Premiering at the 2021 Sundance Film Festival and handily winning both the Grand Jury Prize and the Audience Award, Ahmir “Questlove” Thompson’s “Summer of Soul (…Or, When the Revolution Could Not Be Televised),” a magnificent look at the 1969 Harlem Cultural Festival demonstrates what work, determination and most importantly, a celebration of music looks like.

Lasting over six consecutive weekends, the festival was held at Mount Morris Park (now Marcus Garvey Park) on or around the same time as the Woodstock Music Festival. Acts included Stevie Wonder, The 5th Dimension, Gladys Knight & the Pips, and Sly and the Family Stone; the documentary asks and answers why the festival wasn’t more widely recognized than it was.

Questlove has a real affinity for the material, which had been supposedly lost in a basement. Producer Hal Tulchin, who had gathered a video crew to film the entire event and had aired in hour-long segments on local television, was only too happy to turn over the rights to the footage.

Our journey starts through the eyes of our director, who reflects fondly on the content. However, the more important and impactful meaning behind using a reflection of the footage in this way is that we get to experience the emotion behind reliving an amazing moment of multiple cultures coming together to experience music.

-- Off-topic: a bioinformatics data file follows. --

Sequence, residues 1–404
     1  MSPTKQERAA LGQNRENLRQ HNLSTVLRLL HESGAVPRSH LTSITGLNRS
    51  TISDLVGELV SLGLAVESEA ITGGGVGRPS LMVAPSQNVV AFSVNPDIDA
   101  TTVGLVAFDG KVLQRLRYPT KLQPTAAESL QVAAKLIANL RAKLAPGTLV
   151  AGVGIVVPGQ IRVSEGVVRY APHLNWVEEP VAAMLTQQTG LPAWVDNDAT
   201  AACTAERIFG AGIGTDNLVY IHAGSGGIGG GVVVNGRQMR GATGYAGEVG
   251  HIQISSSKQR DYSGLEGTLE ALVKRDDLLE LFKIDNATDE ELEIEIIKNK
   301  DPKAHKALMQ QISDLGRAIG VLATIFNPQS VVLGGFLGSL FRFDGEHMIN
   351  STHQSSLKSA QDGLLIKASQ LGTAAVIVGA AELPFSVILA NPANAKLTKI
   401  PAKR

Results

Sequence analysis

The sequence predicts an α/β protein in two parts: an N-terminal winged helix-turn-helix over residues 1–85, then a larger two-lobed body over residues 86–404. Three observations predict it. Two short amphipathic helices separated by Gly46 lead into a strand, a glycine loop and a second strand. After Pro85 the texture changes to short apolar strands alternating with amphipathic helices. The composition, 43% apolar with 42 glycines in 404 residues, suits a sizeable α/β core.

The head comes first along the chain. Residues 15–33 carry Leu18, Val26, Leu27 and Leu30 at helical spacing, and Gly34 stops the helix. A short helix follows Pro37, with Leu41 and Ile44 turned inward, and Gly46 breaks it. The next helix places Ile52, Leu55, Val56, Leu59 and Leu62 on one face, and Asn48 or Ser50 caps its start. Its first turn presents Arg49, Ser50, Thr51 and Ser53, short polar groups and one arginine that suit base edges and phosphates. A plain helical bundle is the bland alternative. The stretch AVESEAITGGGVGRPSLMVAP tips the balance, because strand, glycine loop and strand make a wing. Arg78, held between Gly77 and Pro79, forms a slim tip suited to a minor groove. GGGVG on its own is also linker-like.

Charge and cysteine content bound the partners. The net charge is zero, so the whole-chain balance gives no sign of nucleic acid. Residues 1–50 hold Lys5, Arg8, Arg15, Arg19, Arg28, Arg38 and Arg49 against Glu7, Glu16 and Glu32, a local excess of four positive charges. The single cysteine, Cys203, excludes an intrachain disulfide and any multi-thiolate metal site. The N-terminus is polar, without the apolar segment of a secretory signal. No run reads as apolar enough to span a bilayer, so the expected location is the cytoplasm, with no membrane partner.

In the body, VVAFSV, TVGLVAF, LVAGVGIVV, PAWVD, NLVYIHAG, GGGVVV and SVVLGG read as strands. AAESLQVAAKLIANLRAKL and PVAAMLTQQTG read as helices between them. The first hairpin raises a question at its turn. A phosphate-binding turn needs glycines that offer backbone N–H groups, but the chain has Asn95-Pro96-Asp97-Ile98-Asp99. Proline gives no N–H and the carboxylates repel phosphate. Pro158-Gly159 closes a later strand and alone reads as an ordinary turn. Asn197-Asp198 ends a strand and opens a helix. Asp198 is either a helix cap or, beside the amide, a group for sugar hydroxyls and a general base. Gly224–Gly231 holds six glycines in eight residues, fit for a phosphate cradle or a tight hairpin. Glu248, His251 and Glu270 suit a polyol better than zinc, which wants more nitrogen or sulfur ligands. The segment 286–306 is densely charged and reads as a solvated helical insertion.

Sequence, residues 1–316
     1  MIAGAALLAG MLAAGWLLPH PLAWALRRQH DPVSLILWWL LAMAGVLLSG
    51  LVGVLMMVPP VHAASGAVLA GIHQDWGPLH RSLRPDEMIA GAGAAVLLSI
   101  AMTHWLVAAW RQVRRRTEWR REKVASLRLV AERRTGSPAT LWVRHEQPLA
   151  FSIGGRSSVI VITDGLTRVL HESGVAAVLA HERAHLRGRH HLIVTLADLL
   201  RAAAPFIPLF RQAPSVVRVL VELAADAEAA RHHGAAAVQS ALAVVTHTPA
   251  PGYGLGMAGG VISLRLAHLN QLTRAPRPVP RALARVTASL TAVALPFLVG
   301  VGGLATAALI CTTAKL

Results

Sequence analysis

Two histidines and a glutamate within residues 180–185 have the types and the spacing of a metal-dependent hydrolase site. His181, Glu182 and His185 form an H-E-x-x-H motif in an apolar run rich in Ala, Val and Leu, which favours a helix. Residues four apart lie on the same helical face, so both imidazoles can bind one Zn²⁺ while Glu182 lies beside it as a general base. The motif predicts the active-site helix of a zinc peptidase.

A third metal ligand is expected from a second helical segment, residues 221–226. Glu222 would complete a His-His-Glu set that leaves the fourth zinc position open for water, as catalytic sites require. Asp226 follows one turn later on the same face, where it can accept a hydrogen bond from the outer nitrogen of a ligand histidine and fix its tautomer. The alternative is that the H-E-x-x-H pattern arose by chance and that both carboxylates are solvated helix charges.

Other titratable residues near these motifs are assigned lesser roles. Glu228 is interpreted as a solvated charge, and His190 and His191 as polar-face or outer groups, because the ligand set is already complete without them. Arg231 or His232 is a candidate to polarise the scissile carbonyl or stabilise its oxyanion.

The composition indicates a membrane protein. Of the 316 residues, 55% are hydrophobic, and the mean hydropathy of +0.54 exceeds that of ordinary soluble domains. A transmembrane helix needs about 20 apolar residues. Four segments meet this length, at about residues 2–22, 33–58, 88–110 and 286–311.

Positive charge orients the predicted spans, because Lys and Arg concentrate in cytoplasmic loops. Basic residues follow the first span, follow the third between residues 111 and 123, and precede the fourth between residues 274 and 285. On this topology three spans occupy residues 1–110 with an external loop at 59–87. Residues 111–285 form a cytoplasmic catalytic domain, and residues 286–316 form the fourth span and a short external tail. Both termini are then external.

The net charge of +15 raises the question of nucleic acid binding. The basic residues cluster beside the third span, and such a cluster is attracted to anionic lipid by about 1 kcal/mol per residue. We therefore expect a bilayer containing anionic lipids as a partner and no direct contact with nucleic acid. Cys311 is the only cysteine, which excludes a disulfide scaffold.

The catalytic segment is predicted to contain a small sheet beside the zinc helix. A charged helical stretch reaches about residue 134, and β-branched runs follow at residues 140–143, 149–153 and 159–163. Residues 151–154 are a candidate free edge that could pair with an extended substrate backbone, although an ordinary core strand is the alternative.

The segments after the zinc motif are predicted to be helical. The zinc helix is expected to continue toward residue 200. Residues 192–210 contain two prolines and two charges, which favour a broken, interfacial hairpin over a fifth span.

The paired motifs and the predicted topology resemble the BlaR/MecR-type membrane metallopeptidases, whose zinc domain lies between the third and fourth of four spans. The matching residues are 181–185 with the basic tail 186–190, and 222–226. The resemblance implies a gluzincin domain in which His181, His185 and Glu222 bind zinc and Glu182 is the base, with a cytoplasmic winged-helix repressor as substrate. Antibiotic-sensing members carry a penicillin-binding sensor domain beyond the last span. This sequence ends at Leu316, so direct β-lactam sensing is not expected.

However, this isn’t Questlove’s journey. You do feel the performer’s energy throughout. Rather, that is left to the participants and performers who were actually at the event 52 years ago as they reflect on the feelings and the meaning behind the event.

The greatest reference point for the Harlem Cultural Festival is that it celebrates life, a life of hardship, but one of pride and its politics reflect that a rather turbulent period of time affecting all of the U.S., but none greater than the African American population striving for economic equality and recognition. An interesting aspect of the documentary is that the then-mayor of New York City, John Lindsay was a huge supporter of economic equality. The city’s Parks, Recreation, and Cultural Affairs Division was a sponsor of the event, as was Maxwell House Coffee.

Even with the legitimacy of the city and a major household brand name, the concert has largely been unseen until now, which is a shame because the footage that Questlove presented is spectacular. With the searing heat of the summer sun, the proximity of nearly 300,000 people (over the entire course of the event), there is one heart beating and dreaming as fans swoon over Stevie Wonder and listen to the political statements from Mahalia Jackson and Nina Simone. No bigger act brought the house down, though, than Sly and the Family Stone.

I’m even getting emotional over the feeling of celebration and a push for equal rights, which speaks volumes about our modern society’s struggles. If anything, the documentary probably overuses its run time. Given the nature of the material, it is easy to understand why though – the importance of this gathering cannot be understated.

In the end, Questlove brings the story full circle – the reflection of a time nearly forgotten and the powerful emotions of being in both moments is something I won’t soon forget.

“Summer of Soul (Or When the Revolution Could Not Be Televised)” hits cinemas and Hulu on July 2nd. It is not to be missed.

  • Summer of Soul
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